Also, our results are being negatively impacted by the low-interest-rate environment. Our main product, i.e. loans, generated less interest.

We also have quite a few offices and thus also higher costs than others but we remain convinced that our concept of local presence brings a great advantage and want to maintain it. We know what's going on locally and what's happening in the market. Our local experts know the communities in which they are working, and this ultimately also reduces our risks.

What is Oikocredit doing to address costs?

Our updated strategy, among other things, is intended to help us reduce our costs [you can read all about the strategy update in the interview with our Managing Director].

Since we are still in the process of implementing our strategy and will continue this process throughout 2019, our results remain under pressure due to the various factors that I mentioned above. The impact of the changes we are implementing will only be realised at the end of 2019 and we expect an improvement in our financial results after this period.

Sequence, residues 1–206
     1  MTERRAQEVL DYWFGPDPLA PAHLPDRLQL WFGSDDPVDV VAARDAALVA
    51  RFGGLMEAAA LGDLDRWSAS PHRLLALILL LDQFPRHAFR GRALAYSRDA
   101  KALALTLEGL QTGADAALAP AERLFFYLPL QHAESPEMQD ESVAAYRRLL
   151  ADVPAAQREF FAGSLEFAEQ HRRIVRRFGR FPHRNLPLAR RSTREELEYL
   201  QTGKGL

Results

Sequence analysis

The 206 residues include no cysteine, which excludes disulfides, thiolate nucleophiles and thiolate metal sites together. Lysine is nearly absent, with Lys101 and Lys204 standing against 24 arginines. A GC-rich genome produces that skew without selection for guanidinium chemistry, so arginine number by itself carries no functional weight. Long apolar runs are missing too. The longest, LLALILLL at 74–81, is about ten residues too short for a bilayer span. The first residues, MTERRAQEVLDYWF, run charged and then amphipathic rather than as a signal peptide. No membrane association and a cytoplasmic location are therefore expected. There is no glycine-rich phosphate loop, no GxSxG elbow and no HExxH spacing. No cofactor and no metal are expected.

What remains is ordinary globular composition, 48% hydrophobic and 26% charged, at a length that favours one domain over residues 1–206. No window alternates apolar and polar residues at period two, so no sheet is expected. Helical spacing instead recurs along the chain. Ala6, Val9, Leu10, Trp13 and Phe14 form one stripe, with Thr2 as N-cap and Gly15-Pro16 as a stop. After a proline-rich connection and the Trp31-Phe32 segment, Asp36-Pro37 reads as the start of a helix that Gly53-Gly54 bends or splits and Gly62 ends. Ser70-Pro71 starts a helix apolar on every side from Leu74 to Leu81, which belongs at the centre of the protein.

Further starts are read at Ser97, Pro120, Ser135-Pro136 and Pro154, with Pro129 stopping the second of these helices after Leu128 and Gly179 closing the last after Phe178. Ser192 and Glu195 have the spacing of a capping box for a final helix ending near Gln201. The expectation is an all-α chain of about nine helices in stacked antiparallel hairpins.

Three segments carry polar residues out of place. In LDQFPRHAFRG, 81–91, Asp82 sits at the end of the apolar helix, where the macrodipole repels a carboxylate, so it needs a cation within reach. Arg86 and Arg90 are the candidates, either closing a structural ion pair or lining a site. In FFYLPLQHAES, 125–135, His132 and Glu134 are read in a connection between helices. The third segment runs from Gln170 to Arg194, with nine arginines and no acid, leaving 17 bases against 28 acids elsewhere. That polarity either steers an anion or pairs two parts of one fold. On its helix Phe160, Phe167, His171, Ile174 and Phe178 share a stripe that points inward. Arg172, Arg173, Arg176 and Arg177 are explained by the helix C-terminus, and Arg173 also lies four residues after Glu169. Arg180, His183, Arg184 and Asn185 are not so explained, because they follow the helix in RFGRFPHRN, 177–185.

In the meantime, we are working hard on ensuring that Oikocredit continues to accomplish its mission in the most effective and efficient way possible.  

And what’s exciting about our updated strategy is that we are not only focusing on improving our financial results, but we are also focusing on how we can maximise our social impact. As I mentioned before, financial and social results go hand in hand at Oikocredit and we want to make sure that we are doing our best at all levels of the organisation to make an even bigger impact in the lives of people our partners serve.

What are the key projects that you, as the Director of Finance, want to realise in 2018/2019?